May Live Music Venues Be Seen as Valuable Cultural Resources
Abdul Qowi Bastian
The headline on an AFP story last week, “Music Fees Could Drive Berlin Clubs Back Underground,” upset me. The city’s tourism body has decided to impose a 10 percent levy on all cover charges, which could force disco bars and clubs in Berlin to go out of business.
Meanwhile in New York, a legendary punk-rock club, CBGB, was reincarnated as a festival over the weekend. The revival of the country, bluegrass, blues club that helped launch the careers of Patti Smith, Blondie, The Ramones, to name a few, was seen as an attempt to resurrect the venue’s original avant-garde spirit. The New York Times praised the festival as it “held nostalgia for an era of pre-Internet, do-it-yourself networking and noise-for-art’s-sake experimentation, as well as gratitude for how much current music can claim some CBGB lineage.”
Whatever the genre, wherever the club is located, live music remains an important industry. As the music industry — especially recording — battles declining
revenues due to digital file sharing, live performances and touring —
aside from commercials and ringback tones — have emerged as another
source of revenue.
In this day and age, live music is an alternative, if not the primary, means of income for musicians. Live performances are also seen as a marketing tool to further promote bands’ albums. Most of all, music venues are a place where bands can forge strong relationships with audiences and fellow musicians.
In many Western countries, live music’s economic importance is underlined by cultural factors. Rock pubs, dance clubs and jazz restaurants have not only played significant roles in musicians’ lives and careers, they also have an equal importance in the life of the cities.
Many cities have been closely associated with music: from New Orleans jazz, Seattle grunge, Nashville country, Memphis soul, to Merseyside pop. Female punk rocker Patti Smith, whose career was launched in the aforementioned New York CBGB club, testified in what she called “a little love poem for New York” that the city had a profound effect on her musical ability.
“New York is the thing that seduced me; New York is the thing that formed me; New York is the thing that deformed me; New York is the thing that perverted me; New York is the thing that converted me. New York is the thing that I love, too.”
It must have been painful for Smith to bid CBGB farewell in 2006. At the final concert, Smith and her band performed there and, toward the end of show, played her first historic single, “Gloria.”
It was painful when I witnessed the closure of two respected Melbourne clubs in 2010: the Tote Hotel in Collingwood and the Arthouse in North Melbourne. The Tote management cited crowd control costs, coupled with stricter regulations on trading hours that forbade clubs to operate beyond 1 a.m., as dominant factors behind the closure. Although the Tote was later re-opened under new management, it had attracted media attention and, at the same time, disappointed music fans as the actions were hurting small businesses.
Groups supportive of Melbournian live music were highly critical of the state government’s action. The city’s music representatives — Fair Go 4 Live Music, SLAM (Save Live Australian Music) and Music Victoria — created a petition to collect signatures from music fans in the state of Victoria, calling on the local government to overturn the link between live music and high-risk conditions on liquor licenses for live music venues.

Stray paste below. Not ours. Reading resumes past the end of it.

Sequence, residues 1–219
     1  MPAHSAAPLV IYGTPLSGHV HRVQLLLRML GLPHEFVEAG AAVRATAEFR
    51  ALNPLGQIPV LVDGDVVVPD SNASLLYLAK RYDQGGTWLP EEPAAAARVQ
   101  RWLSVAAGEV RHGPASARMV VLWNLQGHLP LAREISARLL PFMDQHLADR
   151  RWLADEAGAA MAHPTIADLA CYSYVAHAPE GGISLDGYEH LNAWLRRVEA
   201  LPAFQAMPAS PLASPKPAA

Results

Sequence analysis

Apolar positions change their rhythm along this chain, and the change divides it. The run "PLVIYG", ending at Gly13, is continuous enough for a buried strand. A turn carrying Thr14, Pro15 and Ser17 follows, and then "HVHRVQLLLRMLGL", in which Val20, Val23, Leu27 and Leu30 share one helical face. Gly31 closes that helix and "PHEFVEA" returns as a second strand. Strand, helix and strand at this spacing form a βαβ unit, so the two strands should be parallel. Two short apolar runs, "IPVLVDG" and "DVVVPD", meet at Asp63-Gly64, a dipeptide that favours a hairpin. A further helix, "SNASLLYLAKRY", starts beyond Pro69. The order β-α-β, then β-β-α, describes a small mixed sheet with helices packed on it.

These organizations arranged a SLAM rally on one fine Sunday, delivering the petition signed by 22,000 music fans to the Legislative Council at the Parliament, accompanied by a rock n’ roll song, AC/DC’s definitive “Long Way to the Top.” The song was fitting because the video clip of the song was shot along Swanston Street, Melbourne’s busiest street. The rally was viewed by both the Victorian Premier and local music fans alike as a celebration of Australian music.
Such sad stories won’t stop here and will still reverberate across the world, from Down Under to Europe to the United States. Local clubs are a site where communities are created, skills tested and developed, and reputations earned. Local clubs, like CBGB, could be the birthplace of great musical talents to come and has the potential to make history. But all these won’t happen if policy makers ignore live music’s importance.
There are several reasons for that, one of them being the existing perceptions that music industry should, and could, exist without the government’s assistance. Live, local music performances are simply not valued and are not seen as something that would attract benefits for the country. As obvious as it is, there is still much work to be done in the areas of creative industries, nationally and globally.
Living in Indonesia, a nation that does not possess sophisticated live music venues, it is only reasonable for a music fan like me to take part in other countries’ troubles about the closure of their respected clubs. As someone who has been attending live shows regularly and who has spent his youth watching local bands reach stardom from small inner city rock clubs to arenas, I know how harrowing it is to watch your favorite local clubs close down because they can’t afford it anymore. Live music venues mean more to audiences and musicians than many can understand.
What is needed now is a radical shift in how governments and policy makers view music, from an ephemeral leisure activity to an economically and socially valuable cultural resource.